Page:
• THE BODY LAUNCHES NEW LIPOATROPHY (FAT LOSS) RESOURCE CENTER
In-Depth Lipoatrophy Info, Treatment Tips, Podcasts, Interviews and More
Of all the tongue-twisting medical terms that have entered HIVers' vocabulary, few have caused more grief than "lipoatrophy," the loss of fat from specific areas of the body and face. Although there's no cure for lipoatrophy, experts are learning more every day -- and The Body's new Lipoatrophy Resource Center is the most comprehensive
source on the Web to turn to for the latest information!
Visit The Body's Lipoatrophy Resource Center to read -- and to download podcasts of --
interviews with top physicians and HIVers who have dealt with lipoatrophy. Also browse through a trove of useful information about this difficult side effect, including the latest news,
research updates, overviews, comparisons of facial fillers, tips on how to get insurance coverage for lipoatrophy surgery and
compelling accounts of what it's like to live with lipoatrophy.
• LIVING WITH HIV
AIDS at 25: Long-Term Survivor Mary Fisher Looks Back With Regret
Fifteen years after she was diagnosed with HIV, outspoken AIDS advocate Mary Fisher laments that the activism of her day may have helped revolutionize HIV treatment in the United States, but appears to have done precious little to help HIV prevention efforts and treatment access. "Had we known we would live, we might have organized a better struggle for justice," she writes. "Headlines have moved on. Celebrities have taken up more glitzy causes. Communities of color, of women, of immigrants lack the resources (knowledge, power, money) the gay community had. ... Those who cannot access [antiretroviral therapies] will die; those of us who have access live in daily guilt for the very act of living."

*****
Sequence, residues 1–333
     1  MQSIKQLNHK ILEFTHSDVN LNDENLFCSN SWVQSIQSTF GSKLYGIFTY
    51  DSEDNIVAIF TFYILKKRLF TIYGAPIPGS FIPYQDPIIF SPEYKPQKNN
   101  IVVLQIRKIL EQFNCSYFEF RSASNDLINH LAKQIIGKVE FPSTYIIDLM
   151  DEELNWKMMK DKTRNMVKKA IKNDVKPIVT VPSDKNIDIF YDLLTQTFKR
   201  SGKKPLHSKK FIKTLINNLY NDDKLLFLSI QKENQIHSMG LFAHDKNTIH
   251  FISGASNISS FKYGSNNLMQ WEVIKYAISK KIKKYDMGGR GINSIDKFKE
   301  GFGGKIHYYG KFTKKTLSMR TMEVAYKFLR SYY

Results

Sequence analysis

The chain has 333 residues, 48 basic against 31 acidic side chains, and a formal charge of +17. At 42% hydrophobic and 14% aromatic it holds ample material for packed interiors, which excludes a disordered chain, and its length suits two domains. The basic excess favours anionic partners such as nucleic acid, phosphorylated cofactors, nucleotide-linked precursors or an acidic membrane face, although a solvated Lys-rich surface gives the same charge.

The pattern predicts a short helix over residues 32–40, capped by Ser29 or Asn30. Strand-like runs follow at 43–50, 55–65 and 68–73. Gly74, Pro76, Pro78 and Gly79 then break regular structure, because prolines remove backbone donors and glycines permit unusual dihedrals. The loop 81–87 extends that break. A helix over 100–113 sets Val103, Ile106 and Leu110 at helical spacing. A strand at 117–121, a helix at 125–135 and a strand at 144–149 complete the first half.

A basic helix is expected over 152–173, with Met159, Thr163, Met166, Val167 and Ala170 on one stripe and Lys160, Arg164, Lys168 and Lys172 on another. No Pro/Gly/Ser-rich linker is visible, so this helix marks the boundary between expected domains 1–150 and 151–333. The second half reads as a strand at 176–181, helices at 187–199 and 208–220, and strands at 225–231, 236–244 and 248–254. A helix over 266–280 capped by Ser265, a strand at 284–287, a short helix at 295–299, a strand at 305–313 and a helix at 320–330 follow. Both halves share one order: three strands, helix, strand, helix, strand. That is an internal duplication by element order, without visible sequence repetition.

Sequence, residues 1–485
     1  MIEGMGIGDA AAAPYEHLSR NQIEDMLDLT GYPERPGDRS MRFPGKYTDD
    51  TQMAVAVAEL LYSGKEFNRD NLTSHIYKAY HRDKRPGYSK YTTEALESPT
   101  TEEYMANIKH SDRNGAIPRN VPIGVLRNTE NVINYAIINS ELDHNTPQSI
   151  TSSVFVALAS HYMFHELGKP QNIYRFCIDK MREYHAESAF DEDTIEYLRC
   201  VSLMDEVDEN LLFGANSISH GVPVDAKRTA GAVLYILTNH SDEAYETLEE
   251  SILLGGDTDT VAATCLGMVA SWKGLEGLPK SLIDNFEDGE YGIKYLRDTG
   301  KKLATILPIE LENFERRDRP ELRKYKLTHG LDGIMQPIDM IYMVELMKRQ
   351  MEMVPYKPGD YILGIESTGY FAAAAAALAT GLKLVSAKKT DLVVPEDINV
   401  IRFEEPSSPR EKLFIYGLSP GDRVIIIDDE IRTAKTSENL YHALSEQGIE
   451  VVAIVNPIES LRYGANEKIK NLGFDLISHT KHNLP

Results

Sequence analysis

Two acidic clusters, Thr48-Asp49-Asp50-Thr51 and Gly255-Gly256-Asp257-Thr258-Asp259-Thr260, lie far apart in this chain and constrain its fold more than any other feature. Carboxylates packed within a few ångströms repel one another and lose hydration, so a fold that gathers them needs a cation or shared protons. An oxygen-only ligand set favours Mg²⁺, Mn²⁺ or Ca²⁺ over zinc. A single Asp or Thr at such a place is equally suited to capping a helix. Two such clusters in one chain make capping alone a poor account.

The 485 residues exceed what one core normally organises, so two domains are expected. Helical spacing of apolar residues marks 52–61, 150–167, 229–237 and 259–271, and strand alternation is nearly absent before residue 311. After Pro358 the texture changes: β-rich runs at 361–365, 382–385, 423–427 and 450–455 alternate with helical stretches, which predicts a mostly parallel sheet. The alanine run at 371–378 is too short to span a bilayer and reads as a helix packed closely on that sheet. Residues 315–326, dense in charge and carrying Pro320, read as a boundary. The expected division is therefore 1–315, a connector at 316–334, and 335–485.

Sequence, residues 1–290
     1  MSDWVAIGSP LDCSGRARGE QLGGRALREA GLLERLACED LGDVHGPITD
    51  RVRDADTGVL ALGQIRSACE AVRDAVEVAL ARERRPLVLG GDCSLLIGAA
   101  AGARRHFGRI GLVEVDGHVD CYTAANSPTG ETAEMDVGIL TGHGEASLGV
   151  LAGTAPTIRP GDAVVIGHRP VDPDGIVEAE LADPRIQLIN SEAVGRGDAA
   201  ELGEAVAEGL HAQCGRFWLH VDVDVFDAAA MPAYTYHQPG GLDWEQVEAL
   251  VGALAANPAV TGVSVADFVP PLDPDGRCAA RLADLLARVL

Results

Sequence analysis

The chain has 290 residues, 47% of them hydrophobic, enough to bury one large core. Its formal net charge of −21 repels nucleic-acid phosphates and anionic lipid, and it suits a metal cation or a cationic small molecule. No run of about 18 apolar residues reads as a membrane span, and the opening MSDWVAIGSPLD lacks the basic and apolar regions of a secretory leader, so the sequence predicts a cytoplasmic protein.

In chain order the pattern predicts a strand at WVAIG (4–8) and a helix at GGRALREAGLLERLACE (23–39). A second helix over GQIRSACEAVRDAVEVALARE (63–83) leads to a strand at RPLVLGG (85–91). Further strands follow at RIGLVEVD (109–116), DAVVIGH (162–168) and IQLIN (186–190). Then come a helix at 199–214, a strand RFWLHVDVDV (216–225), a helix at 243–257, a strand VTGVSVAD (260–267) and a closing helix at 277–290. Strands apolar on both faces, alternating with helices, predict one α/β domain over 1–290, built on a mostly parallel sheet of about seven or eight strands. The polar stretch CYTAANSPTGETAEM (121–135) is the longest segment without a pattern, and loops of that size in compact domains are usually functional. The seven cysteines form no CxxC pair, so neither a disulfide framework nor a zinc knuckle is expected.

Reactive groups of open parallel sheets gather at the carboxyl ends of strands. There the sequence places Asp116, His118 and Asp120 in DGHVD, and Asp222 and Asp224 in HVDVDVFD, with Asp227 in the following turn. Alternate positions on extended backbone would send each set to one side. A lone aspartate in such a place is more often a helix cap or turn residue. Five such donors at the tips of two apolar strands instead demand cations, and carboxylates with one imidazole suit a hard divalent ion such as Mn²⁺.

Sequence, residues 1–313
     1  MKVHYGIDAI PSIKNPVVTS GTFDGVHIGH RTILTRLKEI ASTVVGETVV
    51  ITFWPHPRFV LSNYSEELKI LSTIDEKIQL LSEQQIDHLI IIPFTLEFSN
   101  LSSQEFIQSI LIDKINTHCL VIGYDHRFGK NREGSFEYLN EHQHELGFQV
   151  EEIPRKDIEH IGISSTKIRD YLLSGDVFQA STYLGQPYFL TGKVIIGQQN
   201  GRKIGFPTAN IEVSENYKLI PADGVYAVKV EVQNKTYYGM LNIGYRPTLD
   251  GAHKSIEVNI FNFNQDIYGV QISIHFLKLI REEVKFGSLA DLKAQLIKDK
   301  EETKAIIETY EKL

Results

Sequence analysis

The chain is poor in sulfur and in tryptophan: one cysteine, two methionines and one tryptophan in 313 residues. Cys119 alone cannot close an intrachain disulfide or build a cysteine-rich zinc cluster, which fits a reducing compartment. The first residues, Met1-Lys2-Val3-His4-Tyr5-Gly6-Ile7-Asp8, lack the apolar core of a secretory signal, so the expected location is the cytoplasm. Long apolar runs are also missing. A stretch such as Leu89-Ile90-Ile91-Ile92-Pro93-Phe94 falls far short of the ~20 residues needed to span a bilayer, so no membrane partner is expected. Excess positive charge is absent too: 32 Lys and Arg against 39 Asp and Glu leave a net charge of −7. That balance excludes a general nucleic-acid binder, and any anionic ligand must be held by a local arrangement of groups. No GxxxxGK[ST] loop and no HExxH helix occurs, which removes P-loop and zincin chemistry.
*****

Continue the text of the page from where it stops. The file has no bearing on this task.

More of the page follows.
Is Your HIV-Affected Child Looking for Summer Fun? Camp Season Is Here!
Think your HIV-affected child might enjoy a trip to a specialized summer camp? Spots may still be open at some U.S. and Canadian summer camps for kids who are HIV positive or whose lives have been otherwise impacted by HIV. In many cases, there is little to no cost for attending and traveling to the camps! Visit this page to see a lengthy list of available camps.
Girl With HIV Is Leaving New York City School After Harassment